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Micro power packs could power the future of gaming ben lee

As recently as a decade ago virtual reality experiences were limited to flight and helicopter simulators, with no chance for the average person to try it out.  These simulators still exist and have become more and more technically advanced as graphics improve, but the old and new all have one thing in common – hydraulics. 


Hydraulic rams move the simulator, in response to the actions of the person “flying”, which creates a very realistic experience for the trainee pilot.  Having this level of virtual reality prepares them for the real world and the feelings of actually piloting an aeroplane or a helicopter.  Some simulator manufacturers have trialled electric actuators, but these have their limitations on the amount of weight they can effectively move.  Hydraulically operated simulators are more responsive and realistic than those which use electrical actuators.



Virtual reality hardware is now available at a price point where many consumers can afford to buy a virtual reality headset, and experience the amazing visual and acoustic landscapes created by games designers.  It is only a matter of time before virtual reality computer games become the norm; and to truly experience the fictional reality created by the game designers a player will need to experience not only realistic sound and images, but movement too.  Gaming chairs already exist to make the computer game playing all the more realistic, but these are generally limited to vibrating along with explosions or other effects in the game.  The next generation of gaming chair could be a hybrid between the flight simulator and comfortable chair.



The weight of the chair and the average person can be easily moved using micro hydraulic power packs which can affect movement in two directions, allowing the chair to rise and fall with input from the game activity defining what moves, when it moves and how much it moves.  Reversible micro power packs could be mounted at each corner of the seat base, allowing for tipping forwards, backwards and side to side, as well as recreating rolling sensations that could mimic the action of the sea.  Using these tiny hydraulic power packs means they can be easily installed in the chair without it being bulky and obvious, and they pack quite a punch, capable of operating at pressures of up to 200 bar.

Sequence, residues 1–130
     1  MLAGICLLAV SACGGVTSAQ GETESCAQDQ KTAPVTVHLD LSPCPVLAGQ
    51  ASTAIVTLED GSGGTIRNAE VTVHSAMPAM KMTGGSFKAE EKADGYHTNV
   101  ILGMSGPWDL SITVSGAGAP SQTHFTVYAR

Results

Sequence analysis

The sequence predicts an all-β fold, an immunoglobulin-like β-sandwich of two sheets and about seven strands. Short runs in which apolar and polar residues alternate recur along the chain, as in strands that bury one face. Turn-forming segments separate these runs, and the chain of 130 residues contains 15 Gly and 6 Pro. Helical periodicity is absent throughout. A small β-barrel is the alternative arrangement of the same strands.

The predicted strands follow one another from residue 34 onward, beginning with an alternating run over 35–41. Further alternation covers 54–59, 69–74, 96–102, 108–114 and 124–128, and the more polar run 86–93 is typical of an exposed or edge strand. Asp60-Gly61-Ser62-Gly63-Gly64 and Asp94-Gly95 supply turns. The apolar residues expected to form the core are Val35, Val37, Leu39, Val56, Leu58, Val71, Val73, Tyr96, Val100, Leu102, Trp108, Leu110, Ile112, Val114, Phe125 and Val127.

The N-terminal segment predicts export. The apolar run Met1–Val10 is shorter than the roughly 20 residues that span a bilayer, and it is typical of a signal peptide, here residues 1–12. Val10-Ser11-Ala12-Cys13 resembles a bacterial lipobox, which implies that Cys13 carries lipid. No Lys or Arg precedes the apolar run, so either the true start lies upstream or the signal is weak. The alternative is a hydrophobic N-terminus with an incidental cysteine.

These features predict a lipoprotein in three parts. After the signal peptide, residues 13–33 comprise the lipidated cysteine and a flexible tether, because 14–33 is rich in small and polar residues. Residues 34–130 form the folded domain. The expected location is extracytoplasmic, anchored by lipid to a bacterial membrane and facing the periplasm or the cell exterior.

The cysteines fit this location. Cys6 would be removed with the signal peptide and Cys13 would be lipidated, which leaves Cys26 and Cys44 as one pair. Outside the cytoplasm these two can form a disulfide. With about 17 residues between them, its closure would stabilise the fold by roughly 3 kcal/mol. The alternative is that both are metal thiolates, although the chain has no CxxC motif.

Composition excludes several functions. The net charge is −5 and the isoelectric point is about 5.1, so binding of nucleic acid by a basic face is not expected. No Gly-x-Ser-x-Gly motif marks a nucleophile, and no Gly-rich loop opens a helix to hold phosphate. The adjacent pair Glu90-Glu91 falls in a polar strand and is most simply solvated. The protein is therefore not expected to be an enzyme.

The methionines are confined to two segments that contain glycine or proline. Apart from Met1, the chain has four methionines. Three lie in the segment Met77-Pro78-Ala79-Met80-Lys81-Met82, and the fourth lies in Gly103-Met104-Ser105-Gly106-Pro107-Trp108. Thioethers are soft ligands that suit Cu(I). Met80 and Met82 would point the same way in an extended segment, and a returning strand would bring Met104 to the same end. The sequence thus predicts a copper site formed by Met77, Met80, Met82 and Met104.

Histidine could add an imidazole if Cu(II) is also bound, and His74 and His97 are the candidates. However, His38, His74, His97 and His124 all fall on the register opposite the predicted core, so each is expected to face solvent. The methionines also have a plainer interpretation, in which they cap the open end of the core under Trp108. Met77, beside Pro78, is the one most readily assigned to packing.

These micro power packs are already used for wheelchair lifts, bath lifts and other mobility products, so the efficiency in moving human weight is already tried and tested.  The actual programming of the hydraulic system, to recreate the movement happening in the game accurately, will be a big job – there can only be a few pre-set movements at certain points in the game, as each player will make different choices and may not trigger movement at places where others do.  It would be quite a challenge to program one hydraulic motor to act on game input, but when you consider that four must be programmed, and each one will be moving in a different direction, it becomes a very complex task.  Flight simulator programmers would be the ideal people to lead the way on designing a new generation of computer gaming chairs, as they have experience of multi-directional movement programming already.



It's quite staggering to think that only 25 years ago computer games came on a floppy disk, with very basic graphics and a theme to match them.  Nowadays there is a whole generation of people who never experienced floppy disks, or had to wait for the monitor to warm up before playing virtual tennis, which just makes it all the more staggering to think how far we have come in such a short space of time.  How long will it be before the hydraulically operated virtual reality gaming chair becomes the next must-have product?

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